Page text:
The poster was presented as part of a poster session and was well received by the audience. Thanks to Franziska, Karoline and Lara for their great study and to Holger Grötzbach, Janine Coopmans and Xaver Koch who supported the students.

We are always happy to receive projects and posters from anyone studying how Talking Mats can be used

German Digital Talking Mats with people with aphasia

German TM Workshop

We are very grateful to Elena Maxheimer, a Speech and Language Therapy student from Germany, for sending us this blog of a summary of her thesis which examined the use of the German Digital Talking Mats with people with aphasia.

In May 2018 I did my bachelor thesis on the German version of the Talking Mats app. Under the consultation of Prof. Dr. Norina Lauer, I delivered two workshops for eight people with aphasia. In these workshops the participants practiced doing Talking Mats and afterwards they evaluated the app by filling out a short questionnaire and taking part in a focus group in which they discussed the app’s content and practical use.

The participants generally rated the app as useful for people with aphasia and in particular, the topics, pictures and terms were rated as suitable for people with aphasia. The two most chosen topics were Health and Communication. Some aspects were difficult for people with aphasia. Some of the group had problems in choosing a suitable scale, writing on an empty card or writing down comments.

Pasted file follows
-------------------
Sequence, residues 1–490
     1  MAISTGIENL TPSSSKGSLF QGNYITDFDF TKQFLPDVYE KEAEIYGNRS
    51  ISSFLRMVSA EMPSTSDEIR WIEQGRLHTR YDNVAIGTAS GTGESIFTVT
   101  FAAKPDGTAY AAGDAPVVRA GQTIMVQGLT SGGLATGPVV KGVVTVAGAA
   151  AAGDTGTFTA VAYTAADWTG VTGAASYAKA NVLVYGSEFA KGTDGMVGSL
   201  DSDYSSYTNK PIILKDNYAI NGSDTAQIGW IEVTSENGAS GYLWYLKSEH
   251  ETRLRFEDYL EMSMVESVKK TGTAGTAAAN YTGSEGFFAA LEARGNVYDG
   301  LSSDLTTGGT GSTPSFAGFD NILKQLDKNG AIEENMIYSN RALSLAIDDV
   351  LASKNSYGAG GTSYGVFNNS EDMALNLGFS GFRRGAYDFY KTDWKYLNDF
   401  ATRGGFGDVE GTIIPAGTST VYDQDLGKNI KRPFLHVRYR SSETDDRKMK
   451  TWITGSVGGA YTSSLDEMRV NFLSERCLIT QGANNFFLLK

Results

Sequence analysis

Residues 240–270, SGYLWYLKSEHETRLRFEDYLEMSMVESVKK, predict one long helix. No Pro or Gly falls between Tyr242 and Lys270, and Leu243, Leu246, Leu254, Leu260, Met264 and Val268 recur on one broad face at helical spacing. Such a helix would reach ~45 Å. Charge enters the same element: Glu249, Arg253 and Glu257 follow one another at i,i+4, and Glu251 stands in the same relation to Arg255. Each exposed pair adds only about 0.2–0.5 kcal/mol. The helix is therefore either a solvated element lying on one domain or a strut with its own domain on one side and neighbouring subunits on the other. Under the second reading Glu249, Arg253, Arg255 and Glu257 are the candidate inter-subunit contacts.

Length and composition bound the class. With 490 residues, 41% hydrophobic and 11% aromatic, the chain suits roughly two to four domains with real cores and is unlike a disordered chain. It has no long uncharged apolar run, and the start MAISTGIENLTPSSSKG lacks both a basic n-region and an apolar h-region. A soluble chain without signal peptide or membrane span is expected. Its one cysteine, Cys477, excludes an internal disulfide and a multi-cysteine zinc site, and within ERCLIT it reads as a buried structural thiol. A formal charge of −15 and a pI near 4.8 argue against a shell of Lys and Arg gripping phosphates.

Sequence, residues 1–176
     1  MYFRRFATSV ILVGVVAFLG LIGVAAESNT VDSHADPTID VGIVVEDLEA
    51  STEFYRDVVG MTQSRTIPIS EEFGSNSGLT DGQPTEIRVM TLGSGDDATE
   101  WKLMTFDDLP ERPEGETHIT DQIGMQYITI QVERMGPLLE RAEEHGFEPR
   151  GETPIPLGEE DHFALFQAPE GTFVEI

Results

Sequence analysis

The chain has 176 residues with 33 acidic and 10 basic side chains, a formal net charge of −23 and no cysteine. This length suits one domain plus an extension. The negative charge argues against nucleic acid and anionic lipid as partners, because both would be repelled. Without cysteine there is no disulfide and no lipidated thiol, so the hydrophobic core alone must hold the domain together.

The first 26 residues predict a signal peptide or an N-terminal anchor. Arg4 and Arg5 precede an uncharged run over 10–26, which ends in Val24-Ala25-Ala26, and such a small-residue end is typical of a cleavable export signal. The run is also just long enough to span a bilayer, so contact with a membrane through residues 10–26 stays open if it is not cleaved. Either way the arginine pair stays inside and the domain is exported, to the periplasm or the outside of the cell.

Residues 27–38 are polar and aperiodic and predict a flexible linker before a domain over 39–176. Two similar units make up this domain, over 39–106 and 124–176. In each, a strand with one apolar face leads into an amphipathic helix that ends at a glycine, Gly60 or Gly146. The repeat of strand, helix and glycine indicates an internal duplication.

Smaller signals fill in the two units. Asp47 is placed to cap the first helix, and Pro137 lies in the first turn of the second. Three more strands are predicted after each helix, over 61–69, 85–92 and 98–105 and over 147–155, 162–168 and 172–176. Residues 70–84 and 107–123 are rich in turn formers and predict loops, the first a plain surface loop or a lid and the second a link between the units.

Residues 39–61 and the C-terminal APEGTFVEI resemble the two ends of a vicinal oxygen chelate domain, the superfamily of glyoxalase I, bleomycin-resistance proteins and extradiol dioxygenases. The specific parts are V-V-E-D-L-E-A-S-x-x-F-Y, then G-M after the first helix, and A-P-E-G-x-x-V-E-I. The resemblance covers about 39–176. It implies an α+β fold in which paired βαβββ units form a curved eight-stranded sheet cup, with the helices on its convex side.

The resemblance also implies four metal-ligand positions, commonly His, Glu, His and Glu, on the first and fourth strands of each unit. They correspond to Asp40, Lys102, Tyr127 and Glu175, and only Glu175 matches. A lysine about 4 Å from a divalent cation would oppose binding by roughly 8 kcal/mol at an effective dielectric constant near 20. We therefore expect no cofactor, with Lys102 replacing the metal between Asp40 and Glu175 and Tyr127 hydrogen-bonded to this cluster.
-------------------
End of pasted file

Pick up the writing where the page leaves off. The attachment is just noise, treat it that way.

Suggestions for modification were
– Showing two sessions of Talking Mats parallel to have a better comparison
– Using the app on the smartphone – however the screen on a smartphone is too small to be manageable
– Saving the login data, so you don’t have to login every time you use the app
– One older participant suggested additional topics about specific diseases such as diabetes
– Another younger participant wanted more about sex, feelings, sympathy and love.

For other information about Talking Mats in Germany click here
Also Joan Murphy and Norina Lauer will be running a Talking Mats workshop in Cologne on May 5th and 6th 2019